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CDJapan
 
 
Label:
  Supraphon - http://columbia.jp/
Serial:
  COGQ-1019
Title:
  Beethoven: String Quartets Nos. 12 & 14 - Smetana Quartet
Description:
  Beethoven: String Quartet No. 12 in E flat major Op. 127, String Quartet No. 14 in C sharp minor Op. 131

Smetana Quartet
Track listing:
 
Genre:
  Classical - Chamber
Content:
  Stereo
Media:
  Single Layer
Recording type:
 
Recording info:
 

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Submitted by Alexandre
 
Related titles: 3


 
Reviews: 1

Review by Lute October 3, 2012 (10 of 10 found this review helpful)
Performance:   Sonics:
This review is for all 3 SACDs of Beethoven's string quartets nos.12-16 and Grosse Fuge performed by the Smetana Quartet (Supraphon COGQ-1013,1019, and 1027).

So much has been written and said about Beethoven's late quartets that I feel a little under qualified to write a review about them. Of course no single performance can do complete justice to them. Naturally, everyone will have their own personal favorite. But...I just want to say that these are fantastic performances of these seminal works.

Along with other great ensembles, such as the Busch, Barylli, Hollywood, Italiano quartets (just to name a few!!), the Smetana Quartet's performances of Beethoven's late quartets from the 1960s and 70s are legendary. This great Czech string quartet was formed in 1943 and, until their retirement, were among the top quartets in the world. Due to their virtuosity, I read one review that referred to this ensemble as the Berlin Philharmonic of quartets.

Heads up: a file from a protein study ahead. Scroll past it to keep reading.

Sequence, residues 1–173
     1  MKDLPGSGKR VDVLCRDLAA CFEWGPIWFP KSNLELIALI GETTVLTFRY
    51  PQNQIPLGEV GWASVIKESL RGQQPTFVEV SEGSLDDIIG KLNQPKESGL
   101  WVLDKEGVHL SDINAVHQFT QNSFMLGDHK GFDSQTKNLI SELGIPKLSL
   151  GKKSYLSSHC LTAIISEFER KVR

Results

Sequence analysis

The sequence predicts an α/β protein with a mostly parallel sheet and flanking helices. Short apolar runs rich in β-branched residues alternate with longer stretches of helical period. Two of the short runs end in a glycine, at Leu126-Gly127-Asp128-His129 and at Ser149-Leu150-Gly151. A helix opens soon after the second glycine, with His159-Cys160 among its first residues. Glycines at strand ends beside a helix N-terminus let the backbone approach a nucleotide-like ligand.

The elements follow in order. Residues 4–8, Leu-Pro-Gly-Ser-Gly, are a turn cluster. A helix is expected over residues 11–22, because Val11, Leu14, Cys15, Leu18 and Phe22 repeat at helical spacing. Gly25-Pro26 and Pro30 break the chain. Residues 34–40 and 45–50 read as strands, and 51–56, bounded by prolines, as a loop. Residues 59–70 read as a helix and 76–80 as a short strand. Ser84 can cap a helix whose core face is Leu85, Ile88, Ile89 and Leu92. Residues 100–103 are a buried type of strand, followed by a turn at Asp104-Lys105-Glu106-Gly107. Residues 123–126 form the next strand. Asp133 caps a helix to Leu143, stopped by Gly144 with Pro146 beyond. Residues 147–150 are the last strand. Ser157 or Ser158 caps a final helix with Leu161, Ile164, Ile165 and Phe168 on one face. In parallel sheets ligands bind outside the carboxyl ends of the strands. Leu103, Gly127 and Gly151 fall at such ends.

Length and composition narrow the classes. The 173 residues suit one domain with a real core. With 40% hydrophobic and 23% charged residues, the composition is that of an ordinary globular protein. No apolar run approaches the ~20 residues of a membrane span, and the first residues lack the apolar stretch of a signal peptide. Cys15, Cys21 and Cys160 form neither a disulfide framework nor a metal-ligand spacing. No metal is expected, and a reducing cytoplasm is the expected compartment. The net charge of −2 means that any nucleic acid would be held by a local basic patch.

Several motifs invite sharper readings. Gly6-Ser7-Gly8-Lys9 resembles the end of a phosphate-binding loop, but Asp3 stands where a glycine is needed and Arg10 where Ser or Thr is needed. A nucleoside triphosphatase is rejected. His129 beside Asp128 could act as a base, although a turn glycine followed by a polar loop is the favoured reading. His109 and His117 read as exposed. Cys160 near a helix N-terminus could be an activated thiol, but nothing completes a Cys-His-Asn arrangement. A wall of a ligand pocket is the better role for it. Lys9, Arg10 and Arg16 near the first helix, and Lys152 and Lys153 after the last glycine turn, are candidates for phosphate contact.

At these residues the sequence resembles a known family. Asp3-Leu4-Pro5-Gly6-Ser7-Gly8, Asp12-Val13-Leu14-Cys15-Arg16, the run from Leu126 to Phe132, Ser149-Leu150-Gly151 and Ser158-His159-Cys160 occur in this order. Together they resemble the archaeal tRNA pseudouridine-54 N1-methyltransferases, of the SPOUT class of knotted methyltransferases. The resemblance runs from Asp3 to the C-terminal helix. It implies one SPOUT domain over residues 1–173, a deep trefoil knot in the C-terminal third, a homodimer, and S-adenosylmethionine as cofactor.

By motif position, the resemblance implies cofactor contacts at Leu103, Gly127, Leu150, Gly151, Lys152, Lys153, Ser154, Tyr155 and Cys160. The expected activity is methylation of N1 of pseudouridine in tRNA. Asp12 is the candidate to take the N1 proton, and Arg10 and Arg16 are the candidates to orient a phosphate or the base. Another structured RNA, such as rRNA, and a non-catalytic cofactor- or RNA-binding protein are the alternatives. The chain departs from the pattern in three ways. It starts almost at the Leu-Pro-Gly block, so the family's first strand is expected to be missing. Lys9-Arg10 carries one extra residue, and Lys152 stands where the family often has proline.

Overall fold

The Smetana Quartet's speeds in these masterworks of Beethoven are on the brisk side, for example their beautifully played Cavatina of No.13 takes 6'13" and is (rightly) followed by a powerful Grosse Fuge that plays for 15'50". Also, Not all repeats are observed which shortens playing times.. Some listeners will prefer slightly boarder tempi, but the Smetana Quartet's playing is lyrical and deliciously intense. This can be heard in the fast movements, such as the majestic opening movement of No.12 and the finale of No.14 which have plenty of attack and dramatic intensity. But, some of my favorite moments are to be found in their delicate and sensitive playing of the slow movements... not only the Cavatina but also their touching accounts of No.15's III. Molto adagio, and No.16's III. Lento assai ...and No.14's IV. Andante has a playful, elegant beauty.

The recordings took place between 1965 and 1971 and are consistent in quality. The sound is closely balanced, but truthful and natural. I have not heard the original LPs or redbook version, but from what I can tell these transfers have been successful. There is a little tape hiss during the movements. Some subtle noise reduction might have occurred during the transfer, though. It does not seem to be too heavy, so I do not feel it is anything to worry about. As with most SHM-CDs, the real winner is the sound image, which is lifelike, open and well-detailed, especially when compared to other "older" recordings or red book versions. However.. when compared to the best modern DSD recordings, the lower end is a little lean. It could be a little more robust. But again, nothing to worry about IMHO. Fortunately, the sound seems to improve as you raise the volume higher. The voices of the individual instruments come out clearly and vividly. These are only 2-channel recordings on single layer SACDs, but how wonderful those 2 channels sound!!

Simply a joy to listen to.

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Works: 2  

Ludwig van Beethoven - String Quartet No. 12 in E flat major, Op. 127
Ludwig van Beethoven - String Quartet No. 14 in C sharp minor, Op. 131